• Barrie Thorne, “The Chinese Girls and the ‘Pokémon Kids’: Children Constructing Difference in Urban California.” Forthcoming in Jennifer Cole and Deborah Durham, eds., Figuring the Future: Children, Youth, and Globalization. Santa Fe, NM.
  • Barrie Thorne, “How Can Feminist Sociology Sustain its Critical Edge?” Social Problems (2006), 53: 473-478.
  • Barrie Thorne, “Lunchtime at Sunnydale Elementary School: What Do First-grader’s Need?” In Heather B. Weiss, Holly Kreider, M. Elena Lopez, and Celina M. Chapman, eds., Preparing Educators to Involve Families: From Theory to Practice. Thousand Oaks CA: Sage Publishing, 2005, pp. 57–65.
  • Catherine R. Cooper, Cynthia García Coll, Barrie Thorne, and Marjorie Faulstich Orellana, “Beyond Demographic Categories: How Immigration, Ethnicity, and ‘Race’ Matter for Children at School." In Catherine R. Cooper, Cynthia García Coll, Todd Bartko, Helen Davis, and Célina Chapman, editors, Developmental Pathways Through Middle Childhood: Rethinking Contexts and Diversity as Resources. Hillsdale, N.J. : Lawrence Erlbaum, 2005, pp. 181–206.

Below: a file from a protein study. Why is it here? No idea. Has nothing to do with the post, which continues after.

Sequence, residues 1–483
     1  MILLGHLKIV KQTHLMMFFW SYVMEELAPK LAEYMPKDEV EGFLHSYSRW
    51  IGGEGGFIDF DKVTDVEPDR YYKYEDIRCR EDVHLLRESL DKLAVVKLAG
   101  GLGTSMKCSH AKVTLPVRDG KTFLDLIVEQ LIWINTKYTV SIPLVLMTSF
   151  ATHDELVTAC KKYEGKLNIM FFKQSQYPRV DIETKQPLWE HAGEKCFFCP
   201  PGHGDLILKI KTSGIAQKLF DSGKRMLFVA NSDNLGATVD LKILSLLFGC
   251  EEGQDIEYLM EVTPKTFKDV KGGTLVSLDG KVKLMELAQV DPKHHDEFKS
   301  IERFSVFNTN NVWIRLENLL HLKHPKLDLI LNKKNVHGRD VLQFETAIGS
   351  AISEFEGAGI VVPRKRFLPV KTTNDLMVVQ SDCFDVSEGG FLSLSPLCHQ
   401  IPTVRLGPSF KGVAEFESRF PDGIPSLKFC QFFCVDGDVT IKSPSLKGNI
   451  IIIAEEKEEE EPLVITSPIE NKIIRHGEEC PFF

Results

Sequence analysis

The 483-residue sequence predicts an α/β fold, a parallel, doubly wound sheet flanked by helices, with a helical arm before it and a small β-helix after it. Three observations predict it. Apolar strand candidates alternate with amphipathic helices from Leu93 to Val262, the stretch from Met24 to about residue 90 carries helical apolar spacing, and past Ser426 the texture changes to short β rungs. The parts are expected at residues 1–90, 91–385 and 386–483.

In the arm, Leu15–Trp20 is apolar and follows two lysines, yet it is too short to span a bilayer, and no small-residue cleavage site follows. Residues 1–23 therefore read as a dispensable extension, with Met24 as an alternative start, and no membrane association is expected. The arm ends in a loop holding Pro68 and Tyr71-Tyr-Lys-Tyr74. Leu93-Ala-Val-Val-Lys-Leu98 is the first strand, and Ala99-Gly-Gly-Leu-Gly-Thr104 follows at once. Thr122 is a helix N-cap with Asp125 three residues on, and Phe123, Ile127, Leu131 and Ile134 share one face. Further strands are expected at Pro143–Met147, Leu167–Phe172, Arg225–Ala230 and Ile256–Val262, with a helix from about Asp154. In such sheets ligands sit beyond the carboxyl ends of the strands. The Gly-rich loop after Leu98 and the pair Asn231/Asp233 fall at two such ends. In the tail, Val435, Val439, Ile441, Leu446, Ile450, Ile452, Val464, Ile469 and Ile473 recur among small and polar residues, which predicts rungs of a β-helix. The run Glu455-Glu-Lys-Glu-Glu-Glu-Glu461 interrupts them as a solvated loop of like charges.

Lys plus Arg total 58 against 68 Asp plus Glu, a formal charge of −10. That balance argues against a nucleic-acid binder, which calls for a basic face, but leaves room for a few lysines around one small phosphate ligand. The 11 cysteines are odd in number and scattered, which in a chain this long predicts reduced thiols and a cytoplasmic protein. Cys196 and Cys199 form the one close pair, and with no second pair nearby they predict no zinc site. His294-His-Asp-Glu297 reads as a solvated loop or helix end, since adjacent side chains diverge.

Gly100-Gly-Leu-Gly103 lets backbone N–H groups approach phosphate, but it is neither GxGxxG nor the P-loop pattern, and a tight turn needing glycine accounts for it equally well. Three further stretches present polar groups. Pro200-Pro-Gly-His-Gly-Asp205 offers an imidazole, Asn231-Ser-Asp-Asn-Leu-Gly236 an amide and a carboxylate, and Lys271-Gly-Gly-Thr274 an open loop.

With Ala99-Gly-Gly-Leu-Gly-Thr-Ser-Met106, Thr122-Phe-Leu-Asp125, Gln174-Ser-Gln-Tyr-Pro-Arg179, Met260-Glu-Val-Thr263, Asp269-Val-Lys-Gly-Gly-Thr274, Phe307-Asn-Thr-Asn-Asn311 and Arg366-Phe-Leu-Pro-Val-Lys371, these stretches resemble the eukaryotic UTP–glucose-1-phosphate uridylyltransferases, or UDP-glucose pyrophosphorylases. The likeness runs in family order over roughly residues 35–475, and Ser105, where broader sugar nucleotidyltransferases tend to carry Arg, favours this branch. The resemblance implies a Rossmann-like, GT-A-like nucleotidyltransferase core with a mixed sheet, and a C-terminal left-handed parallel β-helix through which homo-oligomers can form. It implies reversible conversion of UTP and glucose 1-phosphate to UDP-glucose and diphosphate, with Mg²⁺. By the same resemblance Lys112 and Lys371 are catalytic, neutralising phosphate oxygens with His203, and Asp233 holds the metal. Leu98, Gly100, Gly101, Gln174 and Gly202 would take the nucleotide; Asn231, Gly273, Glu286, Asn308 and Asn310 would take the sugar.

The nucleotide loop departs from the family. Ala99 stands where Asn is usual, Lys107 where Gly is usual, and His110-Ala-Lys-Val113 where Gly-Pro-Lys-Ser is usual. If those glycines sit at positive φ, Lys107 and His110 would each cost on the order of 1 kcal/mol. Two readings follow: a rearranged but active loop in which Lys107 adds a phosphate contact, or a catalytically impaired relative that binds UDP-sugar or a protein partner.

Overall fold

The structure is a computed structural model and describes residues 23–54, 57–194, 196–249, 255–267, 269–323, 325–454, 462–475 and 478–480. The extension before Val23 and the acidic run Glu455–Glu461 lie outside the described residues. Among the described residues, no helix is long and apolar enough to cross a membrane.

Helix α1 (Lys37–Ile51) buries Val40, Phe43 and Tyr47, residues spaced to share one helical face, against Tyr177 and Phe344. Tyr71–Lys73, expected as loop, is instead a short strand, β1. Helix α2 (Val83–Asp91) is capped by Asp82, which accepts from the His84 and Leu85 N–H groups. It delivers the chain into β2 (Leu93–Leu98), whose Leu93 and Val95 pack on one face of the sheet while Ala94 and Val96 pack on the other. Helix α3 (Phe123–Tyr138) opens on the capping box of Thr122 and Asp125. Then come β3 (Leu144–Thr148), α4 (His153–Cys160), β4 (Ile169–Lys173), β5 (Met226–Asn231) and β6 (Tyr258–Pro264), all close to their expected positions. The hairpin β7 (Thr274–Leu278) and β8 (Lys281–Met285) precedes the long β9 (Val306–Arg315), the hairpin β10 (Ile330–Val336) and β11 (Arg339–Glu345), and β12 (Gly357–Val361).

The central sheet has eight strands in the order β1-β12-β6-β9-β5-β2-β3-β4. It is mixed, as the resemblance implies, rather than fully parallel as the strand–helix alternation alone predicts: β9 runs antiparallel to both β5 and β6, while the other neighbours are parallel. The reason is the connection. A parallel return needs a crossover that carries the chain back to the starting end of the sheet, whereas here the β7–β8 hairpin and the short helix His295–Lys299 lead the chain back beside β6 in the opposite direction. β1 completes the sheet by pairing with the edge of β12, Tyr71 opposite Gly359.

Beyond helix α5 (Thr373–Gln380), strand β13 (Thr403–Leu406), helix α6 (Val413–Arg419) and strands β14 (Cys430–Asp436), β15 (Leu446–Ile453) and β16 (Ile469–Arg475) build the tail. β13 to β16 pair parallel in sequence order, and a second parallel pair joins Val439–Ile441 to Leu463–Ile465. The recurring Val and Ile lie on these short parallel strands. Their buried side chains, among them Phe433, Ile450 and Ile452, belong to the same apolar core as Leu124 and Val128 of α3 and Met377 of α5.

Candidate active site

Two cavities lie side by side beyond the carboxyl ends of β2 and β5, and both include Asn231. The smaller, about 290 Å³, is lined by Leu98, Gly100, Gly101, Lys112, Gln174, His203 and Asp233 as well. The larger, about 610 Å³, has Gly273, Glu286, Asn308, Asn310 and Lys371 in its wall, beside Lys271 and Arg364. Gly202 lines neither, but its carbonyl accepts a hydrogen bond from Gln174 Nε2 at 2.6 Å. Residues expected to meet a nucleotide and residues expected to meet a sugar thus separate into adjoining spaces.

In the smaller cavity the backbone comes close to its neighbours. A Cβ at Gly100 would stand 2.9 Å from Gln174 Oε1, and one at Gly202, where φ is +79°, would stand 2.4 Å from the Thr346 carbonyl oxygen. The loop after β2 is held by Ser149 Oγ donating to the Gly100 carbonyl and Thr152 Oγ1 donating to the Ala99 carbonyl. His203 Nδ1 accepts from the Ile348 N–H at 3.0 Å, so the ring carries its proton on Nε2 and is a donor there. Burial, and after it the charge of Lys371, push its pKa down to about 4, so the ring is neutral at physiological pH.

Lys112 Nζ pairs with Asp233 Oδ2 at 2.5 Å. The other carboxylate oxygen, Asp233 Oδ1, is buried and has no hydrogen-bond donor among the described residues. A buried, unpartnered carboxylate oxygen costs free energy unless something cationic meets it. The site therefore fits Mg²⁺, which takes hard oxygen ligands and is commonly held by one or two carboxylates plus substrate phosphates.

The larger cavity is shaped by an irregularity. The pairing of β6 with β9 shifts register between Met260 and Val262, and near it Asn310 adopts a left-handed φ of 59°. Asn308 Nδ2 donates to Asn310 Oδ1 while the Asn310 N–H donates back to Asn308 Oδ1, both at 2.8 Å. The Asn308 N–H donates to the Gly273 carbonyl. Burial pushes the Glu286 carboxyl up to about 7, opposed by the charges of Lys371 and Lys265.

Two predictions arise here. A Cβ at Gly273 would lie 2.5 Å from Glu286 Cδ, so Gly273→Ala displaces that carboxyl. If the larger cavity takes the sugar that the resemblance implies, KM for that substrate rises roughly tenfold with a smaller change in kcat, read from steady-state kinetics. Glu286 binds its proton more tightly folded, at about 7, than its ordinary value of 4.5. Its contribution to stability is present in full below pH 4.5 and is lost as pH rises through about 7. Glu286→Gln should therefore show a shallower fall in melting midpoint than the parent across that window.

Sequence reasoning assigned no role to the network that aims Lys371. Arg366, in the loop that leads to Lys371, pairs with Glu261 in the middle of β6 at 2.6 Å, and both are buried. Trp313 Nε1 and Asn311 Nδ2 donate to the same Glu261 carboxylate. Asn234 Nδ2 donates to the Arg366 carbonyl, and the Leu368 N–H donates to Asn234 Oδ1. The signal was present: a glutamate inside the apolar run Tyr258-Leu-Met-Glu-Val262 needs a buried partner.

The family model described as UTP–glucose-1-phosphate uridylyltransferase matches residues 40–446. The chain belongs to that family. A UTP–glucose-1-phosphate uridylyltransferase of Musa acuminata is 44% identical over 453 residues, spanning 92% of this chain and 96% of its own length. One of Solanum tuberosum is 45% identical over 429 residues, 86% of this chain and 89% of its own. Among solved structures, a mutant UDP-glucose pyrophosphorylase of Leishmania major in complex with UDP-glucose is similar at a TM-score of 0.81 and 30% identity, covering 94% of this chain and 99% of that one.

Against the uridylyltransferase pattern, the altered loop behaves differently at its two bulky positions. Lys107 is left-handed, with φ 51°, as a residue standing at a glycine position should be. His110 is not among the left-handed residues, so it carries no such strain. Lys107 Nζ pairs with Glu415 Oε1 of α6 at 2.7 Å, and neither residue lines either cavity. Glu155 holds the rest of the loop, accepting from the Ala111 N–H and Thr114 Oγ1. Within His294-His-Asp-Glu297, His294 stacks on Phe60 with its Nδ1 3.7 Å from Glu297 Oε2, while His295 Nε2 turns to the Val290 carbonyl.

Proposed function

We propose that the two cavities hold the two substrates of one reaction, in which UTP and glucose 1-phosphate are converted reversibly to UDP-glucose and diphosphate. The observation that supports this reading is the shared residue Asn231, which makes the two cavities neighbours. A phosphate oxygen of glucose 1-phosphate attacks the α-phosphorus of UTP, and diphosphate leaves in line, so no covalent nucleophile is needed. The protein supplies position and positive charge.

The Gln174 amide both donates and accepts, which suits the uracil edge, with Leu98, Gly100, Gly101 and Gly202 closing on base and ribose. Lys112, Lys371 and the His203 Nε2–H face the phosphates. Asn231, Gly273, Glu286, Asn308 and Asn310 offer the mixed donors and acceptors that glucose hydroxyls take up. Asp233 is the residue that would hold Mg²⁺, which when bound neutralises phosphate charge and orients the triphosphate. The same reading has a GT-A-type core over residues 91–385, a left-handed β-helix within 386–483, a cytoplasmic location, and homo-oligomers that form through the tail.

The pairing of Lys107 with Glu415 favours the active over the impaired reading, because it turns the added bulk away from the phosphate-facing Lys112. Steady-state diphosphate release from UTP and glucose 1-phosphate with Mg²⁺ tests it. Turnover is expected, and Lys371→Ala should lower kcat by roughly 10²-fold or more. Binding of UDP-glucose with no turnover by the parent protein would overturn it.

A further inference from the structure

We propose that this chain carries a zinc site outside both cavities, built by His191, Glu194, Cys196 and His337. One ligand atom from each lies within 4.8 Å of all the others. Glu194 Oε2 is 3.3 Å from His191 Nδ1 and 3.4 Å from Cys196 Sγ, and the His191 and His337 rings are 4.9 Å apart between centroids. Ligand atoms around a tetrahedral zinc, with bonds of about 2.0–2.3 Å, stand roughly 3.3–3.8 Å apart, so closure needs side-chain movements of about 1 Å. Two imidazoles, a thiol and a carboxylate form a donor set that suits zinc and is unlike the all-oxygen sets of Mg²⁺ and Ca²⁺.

• Feminist Sociology: Life Histories of a Movement, edited by Barbara Laslett and Barrie Thorne. New Brunswick, NJ: Rutgers University Press, 1997.
  • Gender Play: Girls and Boys in School by Barrie Thorne. New Brunswick, NJ.: Rutgers University Press, and Buckingham, England: Open University Press, 1993.
  • Language, Gender and Society, edited by Barrie Thorne, Cheris Kramarae, and Nancy Henley. Rowley, Mass.: Newbury House, 1983.
  • Rethinking the Family: Some Feminist Questions, edited by Barrie Thorne, with Marilyn Yalom. New York: Longman, 1982.
  • Language and Sex: Difference and Dominance, edited by Barrie Thorne and Nancy Henley. Rowley, Mass.: Newbury House, 1975.


  • Chira, Susan. “Educators Ask if All-Girl Schools Would Make a Difference in Inner Cities”, The New York Times, October 23, 1991.
  • Manegold, Catherine S. “Women Get Into Political Football – as the Ball”, The New York Times, August 23, 1992.
  • Morin, Richard. “New facts and hot states from the social sciences”, The Washington Post, June 26, 1994.
  • Safire, William. “On Language, He-Said, She-Said” The New York Times, April 12, 1985.
  • Suro, Roberto. “For Women, Varied Reasons for Single Motherhood”, The New York Times, May 26, 1992.
  • Wright, Lili. “Playground has Serious Side: Defines Later Gender Roles”, Salt Lake Tribune, March 5, 1995.
  • Yalom, Marilyn. “Like a Horse and Carriage”, The Washington Post, Dec 20, 1992.
  • “Staying Single”, Daily News of Los Angeles, August 12, 1993.

External linksEdit